Jamaica was roiling in 1938. The economy was hurting, and workers were fighting against low wages and colonial rule. Violent strikes and bloody riots were common in the capital city of Kingston.
Led by a loud, charismatic speaker named Alexander Bustamante-who would later become the country’s first prime minister-the call for labor rights hit its crescendo on May 23 in downtown Kingston, when a couple thousand Jamaicans, mostly dock workers or unemployed, crowded Victoria Park to protest economic conditions. Bustamante climbed on the giant statue of Queen Victoria and told the crowd in no uncertain terms that he would negotiate on their behalf and never back down.
When he finished his fiery speech, Bustamante urged the workers to disperse peacefully. As he climbed off the Queen, Bustamante was confronted by a group of policemen who aimed their guns at him and the crowd. The defiant 54-year-old aristocrat-turned-politician tore open his shirt, bared his chest and shouted, “Shoot me, but leave these defenseless, hungry people alone!”
Standing near Bustamante during much of this chaotic, nation-defining day was a seven-year-old future trumpeter named Dizzy Reece.
His real name, Alphonso, is after Alfonso X, the 13th century king of Spain. “He was a well-dressed character, wrote poetry,” says Reece, now 73. “He was also a fraud.”
Knowledge and blunt honesty are what make Reece such a compelling personality and musician. Like Bustamante, or Marcus Garvey before him, Reece has a fighting spirit that seems to be an intrinsic part of the Jamaican character.
But Reece’s uncompromising attitude-be it in music or in life-is perhaps the reason why someone so talented has made relatively few recordings over the course of a nearly 60-year career, and why he hasn’t performed in his adopted home of New York City in more than a decade.
Tony Hall, who ran the Tempo label in England, recorded Reece in the 1950s as often as he could during the trumpeter’s time in Europe. “Dizzy was never easy to deal with, but over the period, we built up a pretty good personal and working relationship,” Hall says. “His whole approach to music was so different that a lot of the British musicians didn’t understand-or make the effort to understand. He knew that I really respected him because he was so different, a real original, that my heart was in the right place and that I was genuinely trying to help him. I was co-booker for the Jazz at the Flamingo Club-London’s most important at the time-and would give him gigs whenever I could. [At Tempo] we made as many recordings as I could get my Decca bosses to underwrite. It’s a crime that he hasn’t been recorded for so many years.”
Asked why he didn’t record more, Reece answers, “I wasn’t particularly interested in the prostitution.”
Dizzy Reece’s father was a pianist, mostly for silent movies, but his son didn’t get his nickname because of a familial love for Gillespie. The sobriquet came about because Little Alphonso did things like wander the Kingston streets at night and hang out in the middle of potentially violent labor strikes.
The peripatetic Reece was eventually placed in Alpha Boys School “because I was bad. I used to run the streets during the revolution and such, so I was wayward in that sense.”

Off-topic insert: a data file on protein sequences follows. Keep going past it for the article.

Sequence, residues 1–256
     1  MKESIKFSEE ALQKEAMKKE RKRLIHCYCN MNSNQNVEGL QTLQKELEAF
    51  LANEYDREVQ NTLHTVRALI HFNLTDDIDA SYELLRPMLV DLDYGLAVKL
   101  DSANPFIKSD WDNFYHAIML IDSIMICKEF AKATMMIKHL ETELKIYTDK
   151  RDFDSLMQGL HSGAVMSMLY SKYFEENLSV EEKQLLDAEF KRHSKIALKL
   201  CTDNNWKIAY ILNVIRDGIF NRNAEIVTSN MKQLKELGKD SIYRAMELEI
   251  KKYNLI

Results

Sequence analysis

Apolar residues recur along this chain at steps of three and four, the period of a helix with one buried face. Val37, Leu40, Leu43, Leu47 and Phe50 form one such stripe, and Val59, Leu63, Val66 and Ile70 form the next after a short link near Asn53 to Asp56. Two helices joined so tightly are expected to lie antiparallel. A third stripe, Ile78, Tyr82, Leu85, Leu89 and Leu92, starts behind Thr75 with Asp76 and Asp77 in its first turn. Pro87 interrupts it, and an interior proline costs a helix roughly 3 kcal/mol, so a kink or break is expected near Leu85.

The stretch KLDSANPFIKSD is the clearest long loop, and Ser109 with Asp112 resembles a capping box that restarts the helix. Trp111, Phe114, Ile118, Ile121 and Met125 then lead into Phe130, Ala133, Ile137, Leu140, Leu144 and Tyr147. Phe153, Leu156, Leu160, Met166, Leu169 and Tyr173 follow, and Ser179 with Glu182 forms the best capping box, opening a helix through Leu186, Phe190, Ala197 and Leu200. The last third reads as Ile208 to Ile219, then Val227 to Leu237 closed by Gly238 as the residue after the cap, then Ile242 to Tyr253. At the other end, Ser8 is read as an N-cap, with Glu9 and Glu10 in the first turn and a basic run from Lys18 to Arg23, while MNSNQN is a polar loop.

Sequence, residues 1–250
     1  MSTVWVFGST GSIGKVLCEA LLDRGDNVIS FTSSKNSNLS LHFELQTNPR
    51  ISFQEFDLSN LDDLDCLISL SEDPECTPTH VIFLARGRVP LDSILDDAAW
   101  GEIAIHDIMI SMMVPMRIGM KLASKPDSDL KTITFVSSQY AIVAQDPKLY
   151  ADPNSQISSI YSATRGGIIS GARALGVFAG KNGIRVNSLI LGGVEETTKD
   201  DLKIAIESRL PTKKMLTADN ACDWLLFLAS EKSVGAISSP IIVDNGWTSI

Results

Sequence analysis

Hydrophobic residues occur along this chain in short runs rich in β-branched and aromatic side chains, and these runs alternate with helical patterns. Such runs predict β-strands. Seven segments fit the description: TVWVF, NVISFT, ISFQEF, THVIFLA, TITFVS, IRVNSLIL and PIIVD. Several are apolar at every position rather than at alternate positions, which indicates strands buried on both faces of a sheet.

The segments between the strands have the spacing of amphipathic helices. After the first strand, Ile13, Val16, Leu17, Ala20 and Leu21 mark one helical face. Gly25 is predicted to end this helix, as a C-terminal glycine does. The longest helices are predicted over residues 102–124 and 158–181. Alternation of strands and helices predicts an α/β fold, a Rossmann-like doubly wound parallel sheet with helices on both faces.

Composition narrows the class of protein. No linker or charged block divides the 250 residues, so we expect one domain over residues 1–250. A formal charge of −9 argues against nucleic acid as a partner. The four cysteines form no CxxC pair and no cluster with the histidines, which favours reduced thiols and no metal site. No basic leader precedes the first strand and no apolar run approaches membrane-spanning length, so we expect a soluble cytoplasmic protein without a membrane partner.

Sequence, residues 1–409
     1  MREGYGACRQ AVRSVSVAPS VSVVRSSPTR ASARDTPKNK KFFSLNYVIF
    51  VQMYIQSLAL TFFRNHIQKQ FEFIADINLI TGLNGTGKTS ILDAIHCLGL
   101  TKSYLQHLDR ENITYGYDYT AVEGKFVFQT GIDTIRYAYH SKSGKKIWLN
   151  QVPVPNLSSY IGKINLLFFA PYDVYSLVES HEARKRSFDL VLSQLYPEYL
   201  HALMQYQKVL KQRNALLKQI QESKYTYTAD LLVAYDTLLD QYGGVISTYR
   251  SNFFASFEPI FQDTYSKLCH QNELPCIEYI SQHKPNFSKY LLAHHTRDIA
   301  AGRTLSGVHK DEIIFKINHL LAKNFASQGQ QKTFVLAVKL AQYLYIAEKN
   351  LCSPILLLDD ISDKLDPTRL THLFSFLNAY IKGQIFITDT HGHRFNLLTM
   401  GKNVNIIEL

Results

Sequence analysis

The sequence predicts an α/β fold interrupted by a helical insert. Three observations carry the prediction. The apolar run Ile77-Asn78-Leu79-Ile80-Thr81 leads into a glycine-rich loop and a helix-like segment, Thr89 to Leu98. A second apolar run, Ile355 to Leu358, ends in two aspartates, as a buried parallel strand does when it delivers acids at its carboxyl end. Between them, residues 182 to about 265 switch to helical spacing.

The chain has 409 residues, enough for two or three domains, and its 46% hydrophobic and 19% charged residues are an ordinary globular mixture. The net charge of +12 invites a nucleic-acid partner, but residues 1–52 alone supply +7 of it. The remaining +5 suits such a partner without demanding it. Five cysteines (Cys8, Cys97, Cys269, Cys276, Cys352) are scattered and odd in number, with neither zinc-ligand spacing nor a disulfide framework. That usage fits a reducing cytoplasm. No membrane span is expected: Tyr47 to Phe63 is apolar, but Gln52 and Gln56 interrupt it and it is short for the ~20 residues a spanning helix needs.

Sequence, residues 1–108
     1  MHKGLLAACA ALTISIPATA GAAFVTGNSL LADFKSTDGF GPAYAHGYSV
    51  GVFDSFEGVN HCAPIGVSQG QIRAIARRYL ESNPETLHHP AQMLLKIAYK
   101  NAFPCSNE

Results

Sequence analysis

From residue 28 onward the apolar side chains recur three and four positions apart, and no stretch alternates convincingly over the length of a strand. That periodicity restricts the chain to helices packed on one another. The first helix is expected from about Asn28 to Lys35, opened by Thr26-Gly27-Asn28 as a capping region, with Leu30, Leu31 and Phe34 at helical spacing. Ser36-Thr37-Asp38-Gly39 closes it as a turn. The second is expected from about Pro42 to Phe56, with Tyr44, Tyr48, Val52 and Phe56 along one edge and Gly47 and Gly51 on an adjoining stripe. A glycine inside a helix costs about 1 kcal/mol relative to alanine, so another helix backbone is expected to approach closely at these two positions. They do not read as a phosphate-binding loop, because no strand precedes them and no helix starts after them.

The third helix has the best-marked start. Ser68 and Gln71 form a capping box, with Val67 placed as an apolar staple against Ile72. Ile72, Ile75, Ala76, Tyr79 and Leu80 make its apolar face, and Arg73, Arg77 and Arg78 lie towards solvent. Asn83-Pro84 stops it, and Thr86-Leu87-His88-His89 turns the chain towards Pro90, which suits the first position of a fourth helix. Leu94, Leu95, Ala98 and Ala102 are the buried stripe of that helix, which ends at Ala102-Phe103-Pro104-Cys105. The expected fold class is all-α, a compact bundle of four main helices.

But being a smart kid, Reece also had an ulterior motive for going to Alpha: “My thing was to get a trumpet.” Alpha was a musical hothouse that produced some of Jamaica’s greatest musicians, including
Reece’s classmates Wilton “Bogey” Gaynair and Joe Harriott as well as several members of the legendary Skatalites. Reece went to Alpha for two and a half years, leaving in 1945. In 1947, at age 16, he became a full-time musician with Jack Brown’s Swing Stars in Kingston.
Reece’s mother quickly recognized her child’s prodigal musical talent. Wanting better opportunities for her son, she put him on a ship to England in 1948. He was alone.
In the late 1940s and throughout the ’50s, Reece worked in Europe, spending a lot of time in Paris. Over time he seemed to receive as many notices in the press for his blistering playing as for his unique personality. A 1957 Melody Maker review for the trumpeter’s A Variation on Monk EP begins: “Dizzy Reece is the enfant terrible of British jazz….”
Even his friend and producer Hall says of Reece in the liner notes to a 1955 10-inch LP (now a part of the CD A New Star): “His personality is very similar to his playing. He’s a warm, generous, emotional person. Temperamental, too. At times to the point of cussedness. But, like his playing, he’s one of the most sincere jazzmen you could wish to meet.”
Reece played progressive hard bop, routinely toying with forms and scales. One of his most distinctive features, Hall says, is Reece’s “totally unexpected intervals.” The trumpeter’s intervallic choices were partially based on his personal studies of Indian and Arabic music: “I’m working on quarter tones and eighth tones between the notes,” Reece told Ira Gitler for the liner notes to his 1960 album Soundin’ Off (Blue Note). “I can see the relativity between Eastern music and jazz.”
The trumpeter has a tone that’s fatter than a tub of butter, and he employs incredible dynamics. “Developing a tone is like developing your life. It goes step by step,” Reece says. “But everybody is born with their own voice. You listen to Charlie Parker-it’s the same sound he had as a kid, just more mature.”